But solitude, like all of the disciplines of the spirit, carries its risks. In solitude, we confront our own soul with its obscure forces and conflicts…solitude is generally the most fundamental in the beginning of the spiritual life, and it must be returned to again and again as that life develops. This factual priority of solitude is, I believe, a sound element in monastic asceticism…

Thomas à Kempis distilled more of what was right in the monastic calling than any other, and he had this to say:

The great holy men, where they might, fled fellowship and chose to live with God in secret places. One said: As ofttimes, as I was among men I cam back a less man, that is to say less holy. . . . In silence and quiet the devout soul profiteth and learneth the secrets of the scriptures. . . .

Silence goes beyond solitude, and without it solitude has little effect. Henri Nouwen observes that “silence is the way to make solitude a reality”… Silence and solitude do go hand in hand, usually. Just as silence is vital to make solitude real, so is solitude needed to make the discipline of silence complete. (161, 162, 163)

By the way, the quote used by Dallas Willard above from Thomas Merton is from his Thoughts in Solitude. I happen to have that book, and for those who think that these men are talking about “meditation” merely as in thinking about God’s Word, the mystic monk Merton corrects your misconception:

Spiritual life in not mental life. It is not thought alone… Useless to try and meditate merely by “thinking”—still worse to meditate by stringing words together, reviewing an army of platitudes. (27)

Then just a couple of pages after the quote Willard uses in his SoD Merton will go on to tell us:

When I am liberated by silence, when I am no longer involved in the measurement of life, but to the living of it, I can discover a form of prayer in which there is effectively no distraction. My whole life becomes a prayer. My whole silence is full of prayer. The world of silence in which I am immersed contributes to my prayer. (93)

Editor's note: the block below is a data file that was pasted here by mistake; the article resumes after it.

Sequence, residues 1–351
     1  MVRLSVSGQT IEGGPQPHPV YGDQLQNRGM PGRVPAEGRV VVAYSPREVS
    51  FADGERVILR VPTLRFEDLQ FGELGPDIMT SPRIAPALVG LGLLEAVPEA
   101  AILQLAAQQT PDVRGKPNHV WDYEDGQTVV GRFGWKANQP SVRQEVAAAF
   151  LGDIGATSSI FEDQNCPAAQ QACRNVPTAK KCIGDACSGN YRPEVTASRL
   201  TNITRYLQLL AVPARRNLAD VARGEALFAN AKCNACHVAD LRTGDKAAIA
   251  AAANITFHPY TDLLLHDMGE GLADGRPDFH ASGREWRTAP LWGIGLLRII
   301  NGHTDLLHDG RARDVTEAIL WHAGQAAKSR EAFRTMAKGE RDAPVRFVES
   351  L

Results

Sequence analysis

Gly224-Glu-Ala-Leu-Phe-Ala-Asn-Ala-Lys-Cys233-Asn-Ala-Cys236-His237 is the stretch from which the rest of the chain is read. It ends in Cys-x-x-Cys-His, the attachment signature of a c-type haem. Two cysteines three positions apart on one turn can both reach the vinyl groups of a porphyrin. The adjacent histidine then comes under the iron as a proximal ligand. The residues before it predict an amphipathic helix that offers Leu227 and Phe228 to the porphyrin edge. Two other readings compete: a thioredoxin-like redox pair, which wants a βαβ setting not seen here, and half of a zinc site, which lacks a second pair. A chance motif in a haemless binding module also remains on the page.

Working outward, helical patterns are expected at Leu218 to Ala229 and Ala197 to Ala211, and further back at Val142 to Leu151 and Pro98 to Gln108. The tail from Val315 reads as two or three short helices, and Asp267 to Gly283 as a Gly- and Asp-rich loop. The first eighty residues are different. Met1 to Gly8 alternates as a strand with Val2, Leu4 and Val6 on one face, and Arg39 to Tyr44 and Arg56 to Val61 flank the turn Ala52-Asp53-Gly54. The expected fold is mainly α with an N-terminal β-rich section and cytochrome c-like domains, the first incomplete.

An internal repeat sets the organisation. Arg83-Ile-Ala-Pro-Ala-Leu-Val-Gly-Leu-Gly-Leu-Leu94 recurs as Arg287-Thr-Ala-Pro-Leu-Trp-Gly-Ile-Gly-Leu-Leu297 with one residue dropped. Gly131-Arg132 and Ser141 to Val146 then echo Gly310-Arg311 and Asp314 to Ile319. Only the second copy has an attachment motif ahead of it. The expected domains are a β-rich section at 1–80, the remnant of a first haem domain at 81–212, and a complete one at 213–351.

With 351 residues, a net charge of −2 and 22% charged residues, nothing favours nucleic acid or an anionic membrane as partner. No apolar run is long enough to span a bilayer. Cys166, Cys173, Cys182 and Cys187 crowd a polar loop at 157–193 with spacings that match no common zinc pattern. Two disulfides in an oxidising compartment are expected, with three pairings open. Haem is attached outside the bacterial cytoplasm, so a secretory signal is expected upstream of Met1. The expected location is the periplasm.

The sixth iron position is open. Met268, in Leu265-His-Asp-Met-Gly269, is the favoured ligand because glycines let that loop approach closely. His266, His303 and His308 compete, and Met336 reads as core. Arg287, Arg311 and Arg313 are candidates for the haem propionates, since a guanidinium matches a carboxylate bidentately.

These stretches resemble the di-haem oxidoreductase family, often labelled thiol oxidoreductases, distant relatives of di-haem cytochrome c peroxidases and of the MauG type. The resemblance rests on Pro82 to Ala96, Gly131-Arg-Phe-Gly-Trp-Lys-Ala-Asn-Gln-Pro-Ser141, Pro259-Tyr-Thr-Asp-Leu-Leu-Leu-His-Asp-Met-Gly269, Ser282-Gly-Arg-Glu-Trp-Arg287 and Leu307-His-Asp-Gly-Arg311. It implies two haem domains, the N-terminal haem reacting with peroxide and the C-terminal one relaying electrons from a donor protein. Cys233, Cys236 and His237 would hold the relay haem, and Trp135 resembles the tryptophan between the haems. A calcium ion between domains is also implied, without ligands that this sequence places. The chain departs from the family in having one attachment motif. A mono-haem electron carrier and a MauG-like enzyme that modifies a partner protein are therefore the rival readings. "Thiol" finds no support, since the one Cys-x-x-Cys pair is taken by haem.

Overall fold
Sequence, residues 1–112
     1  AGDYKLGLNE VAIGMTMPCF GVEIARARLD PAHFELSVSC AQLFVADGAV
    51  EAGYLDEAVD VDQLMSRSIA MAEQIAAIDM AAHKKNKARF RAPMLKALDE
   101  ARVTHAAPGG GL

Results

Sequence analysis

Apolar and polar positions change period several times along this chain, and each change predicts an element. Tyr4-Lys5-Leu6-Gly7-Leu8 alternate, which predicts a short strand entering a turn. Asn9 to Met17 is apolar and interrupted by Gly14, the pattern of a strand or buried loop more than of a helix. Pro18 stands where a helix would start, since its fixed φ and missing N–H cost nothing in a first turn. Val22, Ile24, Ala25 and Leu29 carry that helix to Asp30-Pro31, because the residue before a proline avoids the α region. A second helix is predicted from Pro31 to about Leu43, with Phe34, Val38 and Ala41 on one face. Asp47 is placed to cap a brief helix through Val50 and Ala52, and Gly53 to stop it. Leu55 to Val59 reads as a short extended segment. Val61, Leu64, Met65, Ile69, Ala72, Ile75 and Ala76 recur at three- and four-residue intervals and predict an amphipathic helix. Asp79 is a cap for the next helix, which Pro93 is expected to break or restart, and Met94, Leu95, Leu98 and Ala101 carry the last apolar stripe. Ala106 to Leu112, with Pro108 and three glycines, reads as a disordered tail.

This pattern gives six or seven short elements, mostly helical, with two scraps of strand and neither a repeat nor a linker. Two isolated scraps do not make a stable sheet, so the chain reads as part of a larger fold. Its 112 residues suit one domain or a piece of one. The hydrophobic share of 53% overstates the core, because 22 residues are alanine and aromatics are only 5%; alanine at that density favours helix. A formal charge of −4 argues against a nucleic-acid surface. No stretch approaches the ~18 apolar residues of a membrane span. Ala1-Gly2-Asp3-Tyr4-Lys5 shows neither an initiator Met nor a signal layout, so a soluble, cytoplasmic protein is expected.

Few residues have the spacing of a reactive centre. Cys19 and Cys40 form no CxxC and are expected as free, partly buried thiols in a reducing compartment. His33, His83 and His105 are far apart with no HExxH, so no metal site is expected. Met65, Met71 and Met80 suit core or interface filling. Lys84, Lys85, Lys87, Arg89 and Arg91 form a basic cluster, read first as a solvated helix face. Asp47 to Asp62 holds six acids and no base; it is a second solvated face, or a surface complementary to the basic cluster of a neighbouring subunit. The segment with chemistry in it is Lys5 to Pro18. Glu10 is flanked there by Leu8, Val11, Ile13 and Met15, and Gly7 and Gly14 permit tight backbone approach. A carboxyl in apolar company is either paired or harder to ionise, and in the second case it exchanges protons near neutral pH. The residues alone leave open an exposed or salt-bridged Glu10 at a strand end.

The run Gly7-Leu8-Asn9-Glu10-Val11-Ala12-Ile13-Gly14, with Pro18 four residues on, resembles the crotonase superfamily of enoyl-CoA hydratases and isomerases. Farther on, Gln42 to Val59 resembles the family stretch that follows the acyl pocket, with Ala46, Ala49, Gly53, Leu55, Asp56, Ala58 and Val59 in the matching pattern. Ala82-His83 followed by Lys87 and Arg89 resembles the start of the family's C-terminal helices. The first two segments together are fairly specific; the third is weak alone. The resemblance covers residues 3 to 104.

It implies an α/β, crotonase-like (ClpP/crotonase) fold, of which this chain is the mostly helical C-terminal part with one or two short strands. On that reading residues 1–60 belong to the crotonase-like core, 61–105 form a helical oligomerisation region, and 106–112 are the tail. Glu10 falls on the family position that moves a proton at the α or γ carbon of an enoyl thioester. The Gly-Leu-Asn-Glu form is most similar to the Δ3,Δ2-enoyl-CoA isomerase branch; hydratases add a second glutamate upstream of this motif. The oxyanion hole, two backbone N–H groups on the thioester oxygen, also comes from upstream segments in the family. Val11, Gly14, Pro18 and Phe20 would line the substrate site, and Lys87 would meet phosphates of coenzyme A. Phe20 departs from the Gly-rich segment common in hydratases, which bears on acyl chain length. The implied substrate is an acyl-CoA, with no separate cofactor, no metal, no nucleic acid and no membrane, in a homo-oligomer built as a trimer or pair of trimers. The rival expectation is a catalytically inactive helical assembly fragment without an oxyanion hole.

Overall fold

And the silence that Merton is speaking of here is that of CCP. In fact in Merton’s book Contemplative Prayer we read:

Our Christian brothers and sisters know that God is love. This prayer is a practice to help us touch love… This kind of prayer is also contemplation, meditation, and practice. It generates spirituality in every moment of our daily life. In this wonderful book, Contemplative Prayer, Thomas Merton shares with us his own deep and nondualistic understanding of prayer and meditation. Like their Buddhist counterparts, many practitioners refrain from excessive analytical scrutiny of the Scriptures. (3,4)

But of course; no, we wouldn’t want the Word of God to go and contradict our experiences now, would we. O, and FYI the above actually comes from Merton’s good friend and meditation mate Living Spiritual Teacher and Zen Buddhist Master Thich Nhat Hanh.

Turning To The Myths Of Mysticism Telling Us What We Want To Hear

Among the many hats he wears you should know that SBC minister Dallas Willard is also the General Editor of the Spiritual Formation Line published by NavPress, a “line [that] is designed to contribute to this renewed vision of Christian spiritual formation.” One of the books in this series is When The Soul Listens: Finding Rest And Direction In Contemplative Prayer (WtSL) by “spiritual director and retreat speaker” Jan Johnson. And in it she tells us that: